When I first started writing this article, I figured it would be a fun history lesson, but what I found surprised me. The subject of which presidents were adopted is quite an ambiguous one. It is most commonly believed that the only two adopted presidents were Bill Clinton and Gerald Ford, although some sources include a third, Abraham Lincoln. Records haven’t always been reliable, and it was commonplace for stepchildren to change their names without an adoption having taken place.
Bill Clinton was the 42nd president of the United States. He was born in Arkansas in 1946 as William Jefferson Blythe III. His father died as the result of a car accident just three months before he was born. Unable to care for him financially, his mother left him in the care of his grandparents, Eldridge and Edith Cassidy, while she went off to attend nursing school. In the 1950s, his mother returned for him and remarried Roger Clinton Sr. Bill. She began using the man’s surname right away but didn’t legally change it until her son was 15.
Although Clinton’s relationship with his stepfather was tempestuous, he was always an avid supporter of adoption. Clinton said, “We must work tirelessly to make sure that every boy and girl in America who is up for adoption has a family waiting to reach for him or her.” In 1995 he expanded National Adoption Awareness Week to the entire month of November.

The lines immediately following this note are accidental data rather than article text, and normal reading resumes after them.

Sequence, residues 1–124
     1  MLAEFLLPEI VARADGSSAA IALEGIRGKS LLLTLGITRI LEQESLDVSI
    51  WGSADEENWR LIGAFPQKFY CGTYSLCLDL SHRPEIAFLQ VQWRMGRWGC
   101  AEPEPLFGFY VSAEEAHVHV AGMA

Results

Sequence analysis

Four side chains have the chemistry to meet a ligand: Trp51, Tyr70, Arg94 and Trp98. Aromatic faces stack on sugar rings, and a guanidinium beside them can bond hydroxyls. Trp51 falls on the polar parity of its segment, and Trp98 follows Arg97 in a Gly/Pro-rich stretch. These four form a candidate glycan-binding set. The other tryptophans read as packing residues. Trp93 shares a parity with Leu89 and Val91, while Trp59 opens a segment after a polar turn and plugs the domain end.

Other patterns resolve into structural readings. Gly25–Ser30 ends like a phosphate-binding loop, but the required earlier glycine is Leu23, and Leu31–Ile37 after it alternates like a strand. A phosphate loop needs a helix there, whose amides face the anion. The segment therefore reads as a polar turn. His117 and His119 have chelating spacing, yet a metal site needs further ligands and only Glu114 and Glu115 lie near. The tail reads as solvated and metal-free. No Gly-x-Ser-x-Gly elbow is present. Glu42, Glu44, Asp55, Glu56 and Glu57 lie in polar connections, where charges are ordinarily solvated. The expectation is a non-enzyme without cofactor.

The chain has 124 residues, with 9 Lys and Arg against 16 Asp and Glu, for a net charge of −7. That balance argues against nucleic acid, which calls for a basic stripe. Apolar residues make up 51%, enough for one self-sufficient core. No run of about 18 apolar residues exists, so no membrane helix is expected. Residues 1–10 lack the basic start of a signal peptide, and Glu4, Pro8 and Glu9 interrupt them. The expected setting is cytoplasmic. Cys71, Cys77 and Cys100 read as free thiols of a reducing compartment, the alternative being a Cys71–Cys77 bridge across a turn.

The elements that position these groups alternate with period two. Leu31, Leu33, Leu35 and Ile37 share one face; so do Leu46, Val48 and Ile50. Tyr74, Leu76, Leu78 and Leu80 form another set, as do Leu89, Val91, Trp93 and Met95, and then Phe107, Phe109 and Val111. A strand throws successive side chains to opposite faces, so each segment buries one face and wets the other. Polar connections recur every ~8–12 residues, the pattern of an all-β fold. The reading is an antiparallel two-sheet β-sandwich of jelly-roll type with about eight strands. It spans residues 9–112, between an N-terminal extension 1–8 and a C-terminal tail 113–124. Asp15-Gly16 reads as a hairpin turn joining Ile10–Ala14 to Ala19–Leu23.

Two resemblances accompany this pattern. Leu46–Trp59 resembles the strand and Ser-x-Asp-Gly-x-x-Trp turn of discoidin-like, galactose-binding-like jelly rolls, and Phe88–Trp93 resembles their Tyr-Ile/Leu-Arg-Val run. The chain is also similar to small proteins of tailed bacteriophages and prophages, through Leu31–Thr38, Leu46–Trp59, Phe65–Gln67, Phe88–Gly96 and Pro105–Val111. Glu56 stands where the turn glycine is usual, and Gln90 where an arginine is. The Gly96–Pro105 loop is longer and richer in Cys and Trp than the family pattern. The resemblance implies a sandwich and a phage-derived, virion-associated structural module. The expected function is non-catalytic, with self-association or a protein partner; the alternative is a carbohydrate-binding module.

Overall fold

Gerald Ford was our 38th president. He was born in Nebraska in 1913 as Leslie Lynch King, Jr. When he was 16 days old, his mom separated from his dad. When he was three, his mom remarried to Gerald Rudolff Ford. She changed the future president’s name to Gerald Ford Jr. He had no idea that the man he was named for was not his biological father until he was 17. Ford was then given the identity of his birth father. Although they did meet the following year, the relationship never became fruitful.
Ford felt an incredible fondness for his stepfather. He said, “I didn’t understand exactly what a stepfather was. Dad and I had the closest, most intimate relationship.” He also shared, “My stepfather was a magnificent person and my mother equally wonderful. So I couldn’t have written a better prescription for a superb family upbringing.”
Abraham Lincoln was our 16th president. He was born in Kentucky in 1809. His mother died when he was 9 years old. A year later his father married Sarah Bush Johnston. She grew very close to Lincoln and encouraged his reading, writing, and public speaking. He lovingly referred to her as “mother.” Lincoln is known to have said, “Love is the chain whereby to bind a child to its parents.” In I861, he confided in a relative that she, “had been his best friend in this world and that no son could love a mother more than he loved her.”
Some debate exists over the legality of Clinton and Fords’ adoptions, and there was no stepparent adoption during Lincoln’s time. Does that really matter though? It isn’t a piece of paper that makes a family, nor is it DNA. A family is made of heart connections from people who choose to be in each others’ lives and provide each other with love and support.